For Approval: Some License Or Another

Chuck Swiger chuck at
Tue Nov 30 02:47:27 UTC 2004

Alvin Oga wrote:
> hi ya chuck

Hi, Alvin--

> On Mon, 29 Nov 2004, Chuck Swiger wrote:
[ ... ]
> i equate that to :
> 	- a software programmer writing a legal document is the equivalent
> 	to a lawyer writing complicated software code 
> 	- the end result will be a direct result of one's understanding of
> 	the issues at hand and one can do it oneself or solicit input
> 	from those that do it for a living

Good description!  I agree that some software authors, OS vendors, and 
redistributors look to this list and similar FSF/GNU lists for help creating 
an "open license" which "plays nice" with existing software.

The devil is in the details.  :-)

Is there anything the OSI or this list can do to encourage short, legible 
licenses which can be understood and followed by average end-users, or adopted 
by software authors, instead of said authors creating more new licenses?

I admit that I would prefer OSI license candidates to pass the "resume test" 
(namely, "OSD #11: it all needs to fit on one page or it's too long!" :-)

> 	- by the same token, one must undrstand all the issues to talk to
> 	the lawyers to draw up a license that is binding in the target
> 	market

IANAL; while I believe that people have to be able to understand a license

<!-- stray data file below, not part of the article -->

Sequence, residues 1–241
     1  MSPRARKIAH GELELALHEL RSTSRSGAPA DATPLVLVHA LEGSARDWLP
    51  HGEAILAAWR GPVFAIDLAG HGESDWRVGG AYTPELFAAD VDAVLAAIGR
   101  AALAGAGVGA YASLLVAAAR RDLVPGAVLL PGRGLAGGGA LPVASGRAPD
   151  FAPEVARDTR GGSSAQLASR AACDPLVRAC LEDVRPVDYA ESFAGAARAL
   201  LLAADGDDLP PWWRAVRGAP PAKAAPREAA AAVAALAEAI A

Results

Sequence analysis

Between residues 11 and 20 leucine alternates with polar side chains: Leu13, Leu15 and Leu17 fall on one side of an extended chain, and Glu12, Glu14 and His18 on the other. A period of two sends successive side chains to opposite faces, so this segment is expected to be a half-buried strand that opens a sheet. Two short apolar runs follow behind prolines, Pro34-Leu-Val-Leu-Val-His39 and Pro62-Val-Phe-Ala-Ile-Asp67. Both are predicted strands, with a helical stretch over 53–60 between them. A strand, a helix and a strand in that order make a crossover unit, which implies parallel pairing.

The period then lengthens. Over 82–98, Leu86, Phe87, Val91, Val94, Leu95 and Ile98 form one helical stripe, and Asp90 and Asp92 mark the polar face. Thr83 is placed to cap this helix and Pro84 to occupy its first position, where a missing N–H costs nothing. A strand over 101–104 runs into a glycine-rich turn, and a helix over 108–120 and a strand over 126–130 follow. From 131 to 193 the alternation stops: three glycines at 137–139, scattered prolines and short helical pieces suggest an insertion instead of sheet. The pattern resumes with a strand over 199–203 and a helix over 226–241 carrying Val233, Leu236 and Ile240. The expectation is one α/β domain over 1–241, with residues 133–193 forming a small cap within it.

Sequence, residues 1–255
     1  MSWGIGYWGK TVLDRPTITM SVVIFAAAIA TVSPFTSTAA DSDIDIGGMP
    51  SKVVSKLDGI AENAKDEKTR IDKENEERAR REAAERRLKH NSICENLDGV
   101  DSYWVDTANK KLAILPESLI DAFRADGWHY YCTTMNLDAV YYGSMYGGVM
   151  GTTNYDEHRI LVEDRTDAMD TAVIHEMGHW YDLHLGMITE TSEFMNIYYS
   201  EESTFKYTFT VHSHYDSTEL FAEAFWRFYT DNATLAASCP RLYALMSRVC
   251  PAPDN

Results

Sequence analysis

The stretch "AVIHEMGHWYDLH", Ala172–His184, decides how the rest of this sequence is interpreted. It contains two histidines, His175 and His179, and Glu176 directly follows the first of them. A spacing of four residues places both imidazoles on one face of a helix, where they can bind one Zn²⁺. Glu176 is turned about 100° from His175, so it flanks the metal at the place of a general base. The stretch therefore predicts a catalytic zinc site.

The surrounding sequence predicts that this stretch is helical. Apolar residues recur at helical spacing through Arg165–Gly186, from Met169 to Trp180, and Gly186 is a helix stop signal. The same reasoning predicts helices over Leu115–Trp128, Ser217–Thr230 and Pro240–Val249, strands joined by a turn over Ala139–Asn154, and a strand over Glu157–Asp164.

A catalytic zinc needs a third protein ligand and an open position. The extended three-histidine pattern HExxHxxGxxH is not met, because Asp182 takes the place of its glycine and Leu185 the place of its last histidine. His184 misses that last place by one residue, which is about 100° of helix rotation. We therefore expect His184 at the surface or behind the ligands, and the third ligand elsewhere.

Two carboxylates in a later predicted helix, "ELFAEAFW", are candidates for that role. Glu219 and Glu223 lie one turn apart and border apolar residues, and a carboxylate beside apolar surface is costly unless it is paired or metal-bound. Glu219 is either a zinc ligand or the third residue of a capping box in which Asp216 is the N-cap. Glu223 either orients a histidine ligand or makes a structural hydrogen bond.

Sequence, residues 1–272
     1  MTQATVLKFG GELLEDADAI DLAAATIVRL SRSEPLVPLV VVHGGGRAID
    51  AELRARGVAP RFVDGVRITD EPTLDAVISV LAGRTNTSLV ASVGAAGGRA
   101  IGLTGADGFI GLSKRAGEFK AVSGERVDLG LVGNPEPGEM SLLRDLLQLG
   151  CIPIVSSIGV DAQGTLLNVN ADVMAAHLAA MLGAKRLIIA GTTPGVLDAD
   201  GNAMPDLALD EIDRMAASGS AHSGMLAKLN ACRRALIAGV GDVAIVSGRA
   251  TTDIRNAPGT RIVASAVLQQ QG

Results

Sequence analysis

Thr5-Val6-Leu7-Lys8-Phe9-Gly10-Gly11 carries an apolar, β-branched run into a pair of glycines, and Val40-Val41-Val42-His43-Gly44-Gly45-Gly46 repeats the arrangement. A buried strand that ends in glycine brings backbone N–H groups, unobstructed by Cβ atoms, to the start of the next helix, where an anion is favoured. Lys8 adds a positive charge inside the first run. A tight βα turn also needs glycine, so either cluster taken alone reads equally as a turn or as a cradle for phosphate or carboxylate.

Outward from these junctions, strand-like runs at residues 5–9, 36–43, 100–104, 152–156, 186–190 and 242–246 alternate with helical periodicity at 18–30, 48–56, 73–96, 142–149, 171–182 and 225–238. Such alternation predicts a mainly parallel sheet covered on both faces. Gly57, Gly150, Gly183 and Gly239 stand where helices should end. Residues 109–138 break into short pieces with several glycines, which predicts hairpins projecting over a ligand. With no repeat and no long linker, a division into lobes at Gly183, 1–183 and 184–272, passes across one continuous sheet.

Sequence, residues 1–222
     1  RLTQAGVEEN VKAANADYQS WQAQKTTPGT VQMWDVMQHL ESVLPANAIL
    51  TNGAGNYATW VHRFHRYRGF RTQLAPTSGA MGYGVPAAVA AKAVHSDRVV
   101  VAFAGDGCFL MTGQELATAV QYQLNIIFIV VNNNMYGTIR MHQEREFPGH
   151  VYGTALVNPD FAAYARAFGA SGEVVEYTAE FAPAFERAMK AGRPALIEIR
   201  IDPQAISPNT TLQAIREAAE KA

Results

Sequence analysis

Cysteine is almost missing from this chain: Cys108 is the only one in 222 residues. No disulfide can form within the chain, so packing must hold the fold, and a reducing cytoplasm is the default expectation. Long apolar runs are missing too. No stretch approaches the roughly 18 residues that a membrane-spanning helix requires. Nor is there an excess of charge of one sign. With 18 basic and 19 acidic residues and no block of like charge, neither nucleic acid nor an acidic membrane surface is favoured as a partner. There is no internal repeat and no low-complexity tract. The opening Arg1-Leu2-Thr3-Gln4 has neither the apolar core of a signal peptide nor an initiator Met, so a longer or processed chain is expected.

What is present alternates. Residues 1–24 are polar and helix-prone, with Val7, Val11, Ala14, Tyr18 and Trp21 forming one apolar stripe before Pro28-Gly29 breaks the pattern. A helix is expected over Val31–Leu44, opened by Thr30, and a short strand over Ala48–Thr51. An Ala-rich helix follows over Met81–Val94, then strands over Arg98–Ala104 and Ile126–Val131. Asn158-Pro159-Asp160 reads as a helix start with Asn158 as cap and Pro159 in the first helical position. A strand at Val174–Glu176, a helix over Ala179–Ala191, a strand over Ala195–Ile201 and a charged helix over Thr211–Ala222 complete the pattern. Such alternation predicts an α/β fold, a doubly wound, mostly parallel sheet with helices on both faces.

before it could be truthfully asserted that such person has agreed to the 
terms of the license, that is up to the courts.

> the part i like; if a law[y]er is paid to write a legal doc, they
> presumably know what they are doing and they presumably have
> liability insurance if they "screw up" in a big way, that an
> entry level attorney wouldn't have made those mistakes

I am assured that cooks cover their mistakes with more ketchup, that doctors 
cover their mistakes with more blood, and that lawyers cover their mistakes 
with more words.

Frankly, however, we in the software industry have had it easy for decades via 
the standard "no warranty/disclaimer in CAPS" compared with, say, the legal 
agreements, arguments, and contracts found in the entertainment industry.

> somewhere along the line, due my foggy crystal ball, i suspect there
> probably will be a test case, wrt to "licenses" :
> 	"practicing law without a license"

I believe that applies only to claiming to be a lawyer and providing legal 
advice to other people.

I do not believe that the legal profession has been able to contort the law to 
the point where individuals are unable to make binding agreements for 
themselves on their own terms.  However, it is probably true that lawyers and 
lawmakers have succeeded in contorting the law to the point where it is often 
unwise for an individual to attempt to make one's own agreements without a 
legal degree or professional advice.


PS: While I live in one of the three? states which still permits individuals 
to take the bar exam without going to law school: IANAL, TINLA.  :-)

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